Julian Jessop

Julian Jessop (@julianhjessop) is an independent economist, and a fellow at the Institute of Economic Affairs.

Rachel Reeves ‘£4,800’ mortgage claim is a house of cards

Labour’s Rachel Reeves has scored some political points this week by claiming that the Conservatives have made £71 billion of ‘unfunded policy pledges’, and that this will ‘mean £4,800 on your mortgage’. These calculations are simply absurd and easy to knock down. Let us start with the ‘£71 billion’. This figure first appeared in a

How much should we fear the return of the ‘bond vigilantes’?

BlackRock’s UK chief investment strategist, Vivek Paul, has warned this week that pre-election promises of large tax cuts or spending increases could unsettle the bond markets again. There are clear echoes here of the turmoil that followed the Liz Truss and Kwasi Kwarteng mini-Budget back in 2022. How worried should we be? These warnings should

Is printing too much money the real cause of inflation?

Every month, the Bank of England publishes new data on the flows of money and credit around the UK economy. Most commentators focus on the ‘credit’ part – particularly the amount of mortgage and credit card borrowing. In contrast, the ‘money’ part rarely gets a mention.  This is understandable. After all, good luck explaining what

Drama queens: the return of Harry and Meghan

36 min listen

In this week’s episode: We look ahead to Harry and Meghan’s UK tour next week, how will they be received? Freddy Gray and Tanya Gold join the Edition podcast to discuss (01:01). Also this week: In the Spectator magazine, our Economics Editor Kate Andrews sat down with the three economists, or ‘Trussketeers’, that are informing

Crash test: the new era of economic uncertainty

40 min listen

On the podcast: The Spectator’s economics editor Kate Andrews looks back on a week of economic turbulence and asks whether we should be worried, for her cover piece in the magazine. She is joined by the economist – and former ‘Trussketeer’ – Julian Jessop, to discuss whether we are entering a new era of economic uncertainty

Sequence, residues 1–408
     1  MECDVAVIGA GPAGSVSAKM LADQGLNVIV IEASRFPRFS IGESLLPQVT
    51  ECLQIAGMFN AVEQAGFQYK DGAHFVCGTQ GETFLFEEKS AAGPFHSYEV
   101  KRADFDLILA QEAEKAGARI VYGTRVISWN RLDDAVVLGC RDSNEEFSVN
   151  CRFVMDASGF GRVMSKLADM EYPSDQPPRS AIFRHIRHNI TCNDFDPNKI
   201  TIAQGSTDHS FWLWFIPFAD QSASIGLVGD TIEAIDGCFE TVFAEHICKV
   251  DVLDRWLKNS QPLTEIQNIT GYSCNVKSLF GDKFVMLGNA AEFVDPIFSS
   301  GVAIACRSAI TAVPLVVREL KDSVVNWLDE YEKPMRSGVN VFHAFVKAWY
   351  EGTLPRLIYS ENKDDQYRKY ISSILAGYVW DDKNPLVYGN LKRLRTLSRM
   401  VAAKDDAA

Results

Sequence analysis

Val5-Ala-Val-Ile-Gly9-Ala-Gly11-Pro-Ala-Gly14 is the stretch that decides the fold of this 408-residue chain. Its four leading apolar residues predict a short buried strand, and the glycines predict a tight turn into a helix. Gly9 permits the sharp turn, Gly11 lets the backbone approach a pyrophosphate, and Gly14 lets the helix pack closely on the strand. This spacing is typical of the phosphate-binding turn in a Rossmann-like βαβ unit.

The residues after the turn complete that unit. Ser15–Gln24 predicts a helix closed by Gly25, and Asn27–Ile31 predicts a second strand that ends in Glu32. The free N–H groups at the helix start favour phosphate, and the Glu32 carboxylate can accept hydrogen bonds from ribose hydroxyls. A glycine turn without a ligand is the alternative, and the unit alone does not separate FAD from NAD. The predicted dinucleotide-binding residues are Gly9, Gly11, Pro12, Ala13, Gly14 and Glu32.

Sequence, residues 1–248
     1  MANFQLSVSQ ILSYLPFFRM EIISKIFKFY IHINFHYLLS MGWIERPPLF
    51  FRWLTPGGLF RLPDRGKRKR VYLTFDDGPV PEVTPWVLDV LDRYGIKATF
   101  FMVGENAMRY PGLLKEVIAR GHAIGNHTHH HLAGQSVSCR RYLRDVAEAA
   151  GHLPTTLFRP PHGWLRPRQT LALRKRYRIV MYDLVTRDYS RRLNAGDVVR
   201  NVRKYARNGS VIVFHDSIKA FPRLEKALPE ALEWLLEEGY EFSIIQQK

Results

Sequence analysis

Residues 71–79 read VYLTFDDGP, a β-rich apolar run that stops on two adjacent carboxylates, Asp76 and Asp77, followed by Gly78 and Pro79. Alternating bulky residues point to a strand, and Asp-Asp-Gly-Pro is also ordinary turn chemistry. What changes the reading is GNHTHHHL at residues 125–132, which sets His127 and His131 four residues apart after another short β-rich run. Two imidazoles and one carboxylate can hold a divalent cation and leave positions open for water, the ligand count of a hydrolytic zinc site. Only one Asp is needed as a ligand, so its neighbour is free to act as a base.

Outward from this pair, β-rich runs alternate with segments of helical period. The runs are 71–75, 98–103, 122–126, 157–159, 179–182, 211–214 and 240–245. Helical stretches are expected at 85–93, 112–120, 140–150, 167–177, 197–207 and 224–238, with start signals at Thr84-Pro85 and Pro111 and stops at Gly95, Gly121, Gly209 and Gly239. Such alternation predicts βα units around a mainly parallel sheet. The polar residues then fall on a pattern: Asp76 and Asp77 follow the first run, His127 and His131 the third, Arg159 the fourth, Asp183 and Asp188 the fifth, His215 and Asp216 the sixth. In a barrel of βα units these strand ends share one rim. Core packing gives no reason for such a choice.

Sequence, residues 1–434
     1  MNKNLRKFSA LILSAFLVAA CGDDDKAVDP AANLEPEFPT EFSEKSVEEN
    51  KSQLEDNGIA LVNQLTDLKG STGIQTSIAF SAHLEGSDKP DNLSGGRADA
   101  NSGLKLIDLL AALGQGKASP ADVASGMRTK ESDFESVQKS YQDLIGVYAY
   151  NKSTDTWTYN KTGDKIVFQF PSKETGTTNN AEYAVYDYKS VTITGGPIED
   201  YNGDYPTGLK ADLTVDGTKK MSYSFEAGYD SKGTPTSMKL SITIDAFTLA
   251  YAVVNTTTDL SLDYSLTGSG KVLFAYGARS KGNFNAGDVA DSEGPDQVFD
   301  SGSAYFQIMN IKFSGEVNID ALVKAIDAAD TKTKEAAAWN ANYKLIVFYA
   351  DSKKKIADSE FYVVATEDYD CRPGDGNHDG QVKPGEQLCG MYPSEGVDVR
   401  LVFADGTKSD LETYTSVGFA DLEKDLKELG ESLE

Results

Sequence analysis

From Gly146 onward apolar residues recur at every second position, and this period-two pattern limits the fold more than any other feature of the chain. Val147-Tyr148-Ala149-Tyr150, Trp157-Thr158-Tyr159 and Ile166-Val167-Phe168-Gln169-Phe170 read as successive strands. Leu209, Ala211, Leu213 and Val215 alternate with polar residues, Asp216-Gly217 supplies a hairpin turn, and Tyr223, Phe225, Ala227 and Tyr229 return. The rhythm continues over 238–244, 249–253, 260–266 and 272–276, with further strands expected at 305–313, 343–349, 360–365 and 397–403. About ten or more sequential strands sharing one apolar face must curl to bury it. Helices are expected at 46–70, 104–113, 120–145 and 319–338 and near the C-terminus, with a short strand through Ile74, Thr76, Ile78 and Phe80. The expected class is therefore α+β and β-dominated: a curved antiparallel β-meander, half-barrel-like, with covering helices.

What economic crisis comes next?

As we come to the end of an era in which money was practically free, the big question is what the fallout will be from rising interest rates. It isn’t difficult to spot possible problems. Many governments look vulnerable. There are concerns about the UK, where the national debt is now equivalent to roughly 100

Have we become too dependent on the state?

I have to tip my hat to Civitas. The ‘Tufton Street’ think tank made quite a splash on Monday, including bagging the front page of the Daily Mail, with two striking claims. One was that more than half of UK households now receive more in benefits from the government than they pay in tax. The

Liz Truss: my part in her downfall

Now that the final curtain has fallen on Liz Truss’s brief and tumultuous premiership, it is time for reflection. A chance to set the record straight and also to own up to mistakes – especially for those of us who tried to advise her. What went wrong? Yes, the tipping point was Kwasi Kwarteng’s mini-Budget.

The Energy Price Guarantee may cost much less than is feared

Critics of ‘Trussonomics’ – and there are many – have been quick to claim that the new energy price plan puts its economic credibility at risk. Indeed, early estimates suggested that the ‘Energy Price Guarantee’ could cost the taxpayer £150 billion or more over two years, making it the most expensive economic policy in history.

An energy price freeze is a very bad idea

The confirmation of the huge jump in the Ofgem cap on domestic energy bills in October, and forecasts of even worse to come, have fuelled more calls for prices to be frozen at current levels. This is not a completely daft idea, but it is not a good one either. There is no shortage of